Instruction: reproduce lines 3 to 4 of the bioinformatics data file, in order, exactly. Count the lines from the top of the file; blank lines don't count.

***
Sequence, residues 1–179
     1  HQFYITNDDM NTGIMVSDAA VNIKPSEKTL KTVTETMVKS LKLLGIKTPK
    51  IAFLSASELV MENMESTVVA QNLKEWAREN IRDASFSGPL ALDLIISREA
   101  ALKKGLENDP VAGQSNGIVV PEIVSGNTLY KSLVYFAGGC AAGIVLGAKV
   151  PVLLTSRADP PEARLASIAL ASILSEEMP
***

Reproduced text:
    51  IAFLSASELV MENMESTVVA QNLKEWAREN IRDASFSGPL ALDLIISREA
   101  ALKKGLENDP VAGQSNGIVV PEIVSGNTLY KSLVYFAGGC AAGIVLGAKV